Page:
Awumey EM, Bukoski RD. The IP3 receptor antagonist, 2-aminoethoxydiphenyl borate blocks [Ca2+]i transients and store-operated calcium entry in HEK293 cells expressing the sensory nerve Ca2+-sensing receptor. FASEB J. 18: A970, 2004.

Awumey EM, Putney JW, Jr., Howlett A, Bukoski RD. Desensitization of the sensory nerve Ca2+-sensing receptor stably expressed in HEK293 cells is mediated by protein kinase C. FASEB J19: A524, 2005.

Awumey EM, Hill SK, Diz DI, Bukoski RD. 2-Arachidonylglycerol and its metabolite, glycerated epoxy-eicosatrienoic acid mediate Ca2+-induced relaxation of isolated mesenteric arteries. Am J Hypertension 18: 50A, 2005.

Awumey EM, Hill SK, Kunos G, Diz DI, Bukoski RD. Ionized calcium, in the physiological range, induces the release and metabolism of anandamide and 2-arachidonyl glycerol in isolated mesenteric artery arcade. Hypertension 46: P21, 2005.

Awumey EM, Diz DI, Howlett AC, Putney JW, Jr. Downregulation of protein kinase C Inhibits perivascular sensory nerve Ca2+-sensing receptor signaling. Hypertension 48: E85, 2006.

Heyeraas KJ, Haug SR, Awumey EM. Identification of the Ca2+-sensing receptor in rat trigeminal ganglia, sensory axons and tooth dental pulp. FASEB J 21: A73, 2007.

Sesay J, Howlett AC, Diz DI, Awumey EM. Ca2+-sensing receptor signaling in mouse neuroblastoma cells: A model for the perivascular sensory nerve Ca2+-sensing receptor. Hypertension 50:e124, 2007.

 

Cancer Research
Cardiovascular-Metabolic Research
Neuroscience Research
Nutrition Research
Research Highlights
Staff
Publications
Research Training Opportunities
Gifts
Research At NCCU
Research Administration

News & Notes


Calendar Of Events


For nearly 100 years, NCCU has had a rich history of creating programs which foster academic development and achievement and the JLC-BBRI is one of our most innovative research initiatives to date. Since 1998, BBRI has enhanced undergraduate science education and conducted research relating to health issues that disproportionately affect African Americans. As the JLC-BBRI continues to address the health research and training needs of underserved minority groups, it is our hope that the information and research it generates will support the improvement of health of those in minority communities, while providing students with viable skills in biotechnology and broader access to careers in the biomedical sciences.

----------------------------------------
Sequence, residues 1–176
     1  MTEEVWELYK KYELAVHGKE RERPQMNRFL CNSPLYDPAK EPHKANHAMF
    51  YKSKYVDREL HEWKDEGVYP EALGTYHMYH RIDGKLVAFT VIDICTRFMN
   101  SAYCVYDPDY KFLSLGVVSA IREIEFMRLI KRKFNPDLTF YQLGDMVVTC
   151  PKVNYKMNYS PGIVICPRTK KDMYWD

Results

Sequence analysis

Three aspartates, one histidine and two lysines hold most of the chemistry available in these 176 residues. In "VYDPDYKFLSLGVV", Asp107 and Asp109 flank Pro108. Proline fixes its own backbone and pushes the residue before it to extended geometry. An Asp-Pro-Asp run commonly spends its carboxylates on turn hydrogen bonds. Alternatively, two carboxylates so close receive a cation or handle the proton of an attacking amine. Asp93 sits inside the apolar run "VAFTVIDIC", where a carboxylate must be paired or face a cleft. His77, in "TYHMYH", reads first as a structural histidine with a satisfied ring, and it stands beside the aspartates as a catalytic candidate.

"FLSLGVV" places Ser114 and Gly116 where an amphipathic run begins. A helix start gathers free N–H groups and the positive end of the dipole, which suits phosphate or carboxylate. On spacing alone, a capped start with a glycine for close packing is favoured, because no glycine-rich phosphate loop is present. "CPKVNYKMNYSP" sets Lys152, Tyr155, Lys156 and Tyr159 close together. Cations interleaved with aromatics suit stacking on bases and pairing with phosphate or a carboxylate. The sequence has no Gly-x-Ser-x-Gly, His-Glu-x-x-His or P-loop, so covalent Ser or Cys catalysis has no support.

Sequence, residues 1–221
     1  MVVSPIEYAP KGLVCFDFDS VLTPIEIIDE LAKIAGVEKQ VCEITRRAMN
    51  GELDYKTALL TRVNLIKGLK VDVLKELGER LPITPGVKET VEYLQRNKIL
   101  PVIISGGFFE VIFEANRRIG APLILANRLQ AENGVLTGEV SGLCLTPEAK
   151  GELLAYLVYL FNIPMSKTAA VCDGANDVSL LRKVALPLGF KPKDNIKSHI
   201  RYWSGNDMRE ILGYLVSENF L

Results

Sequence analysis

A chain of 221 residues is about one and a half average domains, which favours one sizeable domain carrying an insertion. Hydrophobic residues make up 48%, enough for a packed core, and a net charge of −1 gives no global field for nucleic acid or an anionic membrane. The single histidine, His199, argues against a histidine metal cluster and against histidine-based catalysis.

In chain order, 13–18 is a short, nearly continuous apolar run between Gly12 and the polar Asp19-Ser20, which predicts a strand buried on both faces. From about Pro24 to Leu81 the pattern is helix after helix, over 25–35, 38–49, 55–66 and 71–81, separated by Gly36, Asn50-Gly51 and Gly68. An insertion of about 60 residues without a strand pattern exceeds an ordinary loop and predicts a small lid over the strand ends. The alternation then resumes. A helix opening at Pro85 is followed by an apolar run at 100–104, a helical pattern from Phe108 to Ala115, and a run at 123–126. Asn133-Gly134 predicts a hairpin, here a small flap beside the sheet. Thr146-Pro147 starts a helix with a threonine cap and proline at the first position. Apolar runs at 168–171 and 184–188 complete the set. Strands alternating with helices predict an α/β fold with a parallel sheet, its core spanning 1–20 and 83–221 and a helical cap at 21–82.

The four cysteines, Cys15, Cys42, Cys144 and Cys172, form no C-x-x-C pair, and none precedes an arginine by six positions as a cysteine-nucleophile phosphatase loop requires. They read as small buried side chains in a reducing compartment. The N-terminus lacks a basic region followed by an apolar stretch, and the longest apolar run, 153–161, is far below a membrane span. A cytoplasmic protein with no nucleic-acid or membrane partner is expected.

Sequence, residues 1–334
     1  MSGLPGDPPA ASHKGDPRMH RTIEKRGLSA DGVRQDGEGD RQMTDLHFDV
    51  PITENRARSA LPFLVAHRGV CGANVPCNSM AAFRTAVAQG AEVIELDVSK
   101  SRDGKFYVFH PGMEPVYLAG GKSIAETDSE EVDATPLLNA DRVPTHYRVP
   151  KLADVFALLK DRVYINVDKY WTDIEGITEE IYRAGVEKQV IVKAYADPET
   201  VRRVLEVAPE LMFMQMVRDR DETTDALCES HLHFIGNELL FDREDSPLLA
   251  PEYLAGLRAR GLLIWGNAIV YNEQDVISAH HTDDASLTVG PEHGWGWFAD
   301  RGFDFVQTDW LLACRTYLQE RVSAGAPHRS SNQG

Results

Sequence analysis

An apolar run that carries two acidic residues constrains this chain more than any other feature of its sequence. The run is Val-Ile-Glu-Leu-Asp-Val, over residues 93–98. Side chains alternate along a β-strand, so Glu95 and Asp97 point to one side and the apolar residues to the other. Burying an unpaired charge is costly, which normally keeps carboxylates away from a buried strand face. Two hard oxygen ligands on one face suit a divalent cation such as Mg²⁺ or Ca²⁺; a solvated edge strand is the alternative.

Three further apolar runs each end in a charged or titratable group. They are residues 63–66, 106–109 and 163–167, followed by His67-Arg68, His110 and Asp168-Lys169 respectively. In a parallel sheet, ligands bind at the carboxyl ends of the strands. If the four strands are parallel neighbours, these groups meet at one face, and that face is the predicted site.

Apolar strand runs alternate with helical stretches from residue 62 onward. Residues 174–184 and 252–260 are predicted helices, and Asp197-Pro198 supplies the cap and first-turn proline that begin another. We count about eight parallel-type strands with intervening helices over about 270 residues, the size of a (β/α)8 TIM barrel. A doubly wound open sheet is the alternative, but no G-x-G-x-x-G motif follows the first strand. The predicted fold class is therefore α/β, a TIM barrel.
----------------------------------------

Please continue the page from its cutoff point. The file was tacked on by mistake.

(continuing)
The mission of BBRI is to conduct research focused on health issues that disproportionately affect African Americans and other minority groups and to provide students with research training and experience that will enhance their access to careers in the biomedical sciences.

2011
The JLC-BBRI Nutrition Research Program at the North Carolina Research Campus in Kannapolis receives a collaborative research grant with Appalachian State University to study Chia seed using the zebrafish model. In addition, a funded collaborative research agreement was established with UNC Chapel Hill to study the dietary choline using the zebrafish model. Finally, a new cancer research faculty member was recruited to start a program on dietary and hormonal modulation of breast cancer risks. The research is funded by a grant from American Cancer Society to study phytoestrogens and erbB-2 mediated breast carcinogenesis.

2010
BBRI and NC A&T State University filed the first joint patent originating from zebrafish research at the North Carolina Research Campus, an innovative treatment to target the anemia market.

2009
The JLC-BBRI Nutrition Research Program was awarded a Technology Research Grant from the North Carolina Biotechnology Center to develop a zebrafish model for high-throughput drug discovery.

2008
The JLC-BBRI Nutrition Research Program is chosen as one of six university-partners selected for the private-public venture North Carolina Research Campus in Kannapolis, a world-class research hub to foster collaborative science discoveries in nutrition, health and biotechnology research.

Phone
1+919.530.7027
Fax
1+919.530.7668
E-Mail
mailto:bbri@nccu.edu
NCCU Biomedical/Biotechnology
Research Institute
(BBRI)
1801 Fayetteville Street
Post Office Box 19716
Durham, North Carolina 27707
Directions